Global model predictions favour enhanced probability of above average rainfall for north India during the week ending August 21.

Adjoining plains of the foothills of the Himalayas are expected to receive heavy to heavy rainfall variously during this period.


The northeastern states, Bihar, Uttar Pradesh, Punjab, Delhi, Haryana north and adjoining west Rajasthan may receive varying amounts of rain.

Rains are also indicated for the southernmost peninsula, especially Kerala, during this phase.

Northwest Pacific typhoon (cyclone) ‘Kai-Tak’ and a low-pressure area in the Bay of Bengal are the principal factors contributing to this wet phase.

Meanwhile, the Climate Prediction Centre of the US National Weather Services sees more rains materialising for the southern peninsula during the last week of the month.

Kerala, Tamil Nadu and parts of southern Karnataka and Andhra Pradesh are likely to benefit from this session, it said.


An India Meteorological Department update on Friday evening said that the monsoon was active over Jharkhand, Bihar, and Kerala during past 24 hours until morning.

The causative low-pressure areas persisted over northwest Bay of Bengal. It is likely to cut a path to the north-northwest towards the Himalayan foothills.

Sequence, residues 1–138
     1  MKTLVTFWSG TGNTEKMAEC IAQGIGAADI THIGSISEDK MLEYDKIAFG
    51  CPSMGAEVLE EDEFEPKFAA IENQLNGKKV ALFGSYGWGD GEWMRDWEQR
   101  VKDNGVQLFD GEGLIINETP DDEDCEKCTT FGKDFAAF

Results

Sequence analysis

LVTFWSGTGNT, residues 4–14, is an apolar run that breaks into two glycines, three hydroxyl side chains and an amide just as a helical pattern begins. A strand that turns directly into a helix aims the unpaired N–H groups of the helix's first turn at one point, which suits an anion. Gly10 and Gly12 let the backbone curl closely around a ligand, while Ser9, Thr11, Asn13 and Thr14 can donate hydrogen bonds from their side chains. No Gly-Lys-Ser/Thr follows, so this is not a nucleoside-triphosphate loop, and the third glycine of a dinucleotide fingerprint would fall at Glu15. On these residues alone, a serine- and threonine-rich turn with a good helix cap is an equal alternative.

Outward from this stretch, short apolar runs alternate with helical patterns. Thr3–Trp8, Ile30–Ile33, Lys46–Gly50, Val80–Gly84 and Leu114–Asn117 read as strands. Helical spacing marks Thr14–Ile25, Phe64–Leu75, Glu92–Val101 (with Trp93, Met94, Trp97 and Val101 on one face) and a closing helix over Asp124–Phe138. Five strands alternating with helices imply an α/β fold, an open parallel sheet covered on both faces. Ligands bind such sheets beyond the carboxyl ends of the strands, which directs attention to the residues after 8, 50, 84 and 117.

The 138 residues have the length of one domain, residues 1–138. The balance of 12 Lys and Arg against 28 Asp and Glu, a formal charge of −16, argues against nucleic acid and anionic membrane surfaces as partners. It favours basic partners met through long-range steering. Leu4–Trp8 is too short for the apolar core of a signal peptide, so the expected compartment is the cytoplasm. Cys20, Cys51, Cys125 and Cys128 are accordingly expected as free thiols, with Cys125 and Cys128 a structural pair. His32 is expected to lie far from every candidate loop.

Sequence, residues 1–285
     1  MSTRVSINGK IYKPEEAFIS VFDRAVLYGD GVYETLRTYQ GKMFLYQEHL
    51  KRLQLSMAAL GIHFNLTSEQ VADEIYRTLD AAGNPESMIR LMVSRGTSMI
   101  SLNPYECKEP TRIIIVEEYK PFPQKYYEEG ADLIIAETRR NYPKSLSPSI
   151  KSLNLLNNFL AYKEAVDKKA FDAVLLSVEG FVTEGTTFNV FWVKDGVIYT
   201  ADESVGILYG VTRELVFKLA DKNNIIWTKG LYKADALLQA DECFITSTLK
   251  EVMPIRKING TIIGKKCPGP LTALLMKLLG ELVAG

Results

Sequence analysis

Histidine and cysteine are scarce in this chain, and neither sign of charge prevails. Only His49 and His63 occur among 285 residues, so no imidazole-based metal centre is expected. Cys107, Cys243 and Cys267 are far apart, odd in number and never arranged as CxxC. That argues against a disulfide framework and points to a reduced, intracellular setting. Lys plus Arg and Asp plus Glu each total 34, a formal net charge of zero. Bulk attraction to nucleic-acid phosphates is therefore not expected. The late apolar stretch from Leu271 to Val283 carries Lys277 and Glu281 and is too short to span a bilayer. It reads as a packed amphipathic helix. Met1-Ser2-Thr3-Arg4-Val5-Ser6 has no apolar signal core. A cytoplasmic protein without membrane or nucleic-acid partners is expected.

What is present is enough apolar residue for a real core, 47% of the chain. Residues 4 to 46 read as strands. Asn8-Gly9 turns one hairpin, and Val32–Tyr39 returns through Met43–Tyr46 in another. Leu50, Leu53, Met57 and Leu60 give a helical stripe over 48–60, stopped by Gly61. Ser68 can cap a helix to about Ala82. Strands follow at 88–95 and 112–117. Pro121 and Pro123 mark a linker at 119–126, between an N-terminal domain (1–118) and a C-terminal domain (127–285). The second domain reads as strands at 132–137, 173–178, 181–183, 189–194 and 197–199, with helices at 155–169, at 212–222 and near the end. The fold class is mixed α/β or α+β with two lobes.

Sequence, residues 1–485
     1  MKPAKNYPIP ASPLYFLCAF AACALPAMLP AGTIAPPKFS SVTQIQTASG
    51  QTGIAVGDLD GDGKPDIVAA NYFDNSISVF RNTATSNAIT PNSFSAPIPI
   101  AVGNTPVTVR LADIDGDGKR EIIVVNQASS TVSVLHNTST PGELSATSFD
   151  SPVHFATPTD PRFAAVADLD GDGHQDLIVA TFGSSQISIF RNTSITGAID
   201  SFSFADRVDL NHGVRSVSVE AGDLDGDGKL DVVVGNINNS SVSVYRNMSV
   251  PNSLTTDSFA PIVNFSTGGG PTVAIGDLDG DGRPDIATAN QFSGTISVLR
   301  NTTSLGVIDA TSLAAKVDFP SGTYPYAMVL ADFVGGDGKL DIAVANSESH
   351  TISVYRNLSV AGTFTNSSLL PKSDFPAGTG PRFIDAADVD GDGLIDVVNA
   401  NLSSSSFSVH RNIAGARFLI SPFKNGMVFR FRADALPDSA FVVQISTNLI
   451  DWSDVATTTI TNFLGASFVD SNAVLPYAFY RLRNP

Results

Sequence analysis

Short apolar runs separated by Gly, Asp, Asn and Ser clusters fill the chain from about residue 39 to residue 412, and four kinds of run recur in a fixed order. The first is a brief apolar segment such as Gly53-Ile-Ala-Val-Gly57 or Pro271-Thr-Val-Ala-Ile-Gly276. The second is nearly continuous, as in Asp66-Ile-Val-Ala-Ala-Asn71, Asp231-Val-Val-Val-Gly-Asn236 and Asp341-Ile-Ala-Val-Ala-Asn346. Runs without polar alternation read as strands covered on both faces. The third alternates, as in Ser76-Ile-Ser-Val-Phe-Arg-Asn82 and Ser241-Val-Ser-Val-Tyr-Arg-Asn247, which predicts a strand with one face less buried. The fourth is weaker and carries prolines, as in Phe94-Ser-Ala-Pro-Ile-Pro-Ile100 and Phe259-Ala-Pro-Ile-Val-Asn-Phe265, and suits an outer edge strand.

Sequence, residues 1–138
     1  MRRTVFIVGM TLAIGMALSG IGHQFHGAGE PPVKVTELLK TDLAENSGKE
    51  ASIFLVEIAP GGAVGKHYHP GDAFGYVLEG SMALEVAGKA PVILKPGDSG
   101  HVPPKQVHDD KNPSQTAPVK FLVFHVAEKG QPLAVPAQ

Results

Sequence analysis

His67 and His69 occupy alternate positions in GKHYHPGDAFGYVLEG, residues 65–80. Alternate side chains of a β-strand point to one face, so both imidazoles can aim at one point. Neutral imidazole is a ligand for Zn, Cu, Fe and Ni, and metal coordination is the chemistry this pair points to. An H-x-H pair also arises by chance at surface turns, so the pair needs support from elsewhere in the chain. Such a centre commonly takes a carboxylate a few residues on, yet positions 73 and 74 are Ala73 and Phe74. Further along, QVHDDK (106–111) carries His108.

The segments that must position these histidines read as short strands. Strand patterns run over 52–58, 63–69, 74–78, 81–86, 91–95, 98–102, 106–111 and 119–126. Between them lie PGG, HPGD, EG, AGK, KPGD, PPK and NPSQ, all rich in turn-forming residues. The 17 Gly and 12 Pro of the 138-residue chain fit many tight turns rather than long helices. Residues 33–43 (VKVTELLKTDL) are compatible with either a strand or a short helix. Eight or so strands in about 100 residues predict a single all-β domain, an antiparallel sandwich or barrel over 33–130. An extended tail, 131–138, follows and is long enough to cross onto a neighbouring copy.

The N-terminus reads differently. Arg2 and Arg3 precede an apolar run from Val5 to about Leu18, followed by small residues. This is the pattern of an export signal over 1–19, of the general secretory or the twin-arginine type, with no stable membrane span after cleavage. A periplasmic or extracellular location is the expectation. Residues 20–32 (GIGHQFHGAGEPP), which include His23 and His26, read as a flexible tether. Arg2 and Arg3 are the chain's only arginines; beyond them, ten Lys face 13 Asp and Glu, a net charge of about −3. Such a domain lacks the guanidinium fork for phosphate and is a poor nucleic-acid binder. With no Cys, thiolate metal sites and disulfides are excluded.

Enabling conditions are developing towards the north and northwest of the country, the IMD said.

A warning valid for the next two days said that heavy to very heavy rainfall would occur at one or two places over Kerala and coastal Karnataka during next two days.


Heavy rainfall has been forecast also at one or two places over Odisha, Chhattisgarh and Lakshadweep during this period.

An extended outlook valid until Friday next said that fairly widespread rainfall would occur over Jammu and Kashmir, Himachal Pradesh and Uttarakhand.

These rains are expected to be particularly intense on Monday and Tuesday.

Rain has also been forecast at many places over the Northeastern States, Central India and the Indo-Gangetic plains.

(This article was published on August 17, 2012)
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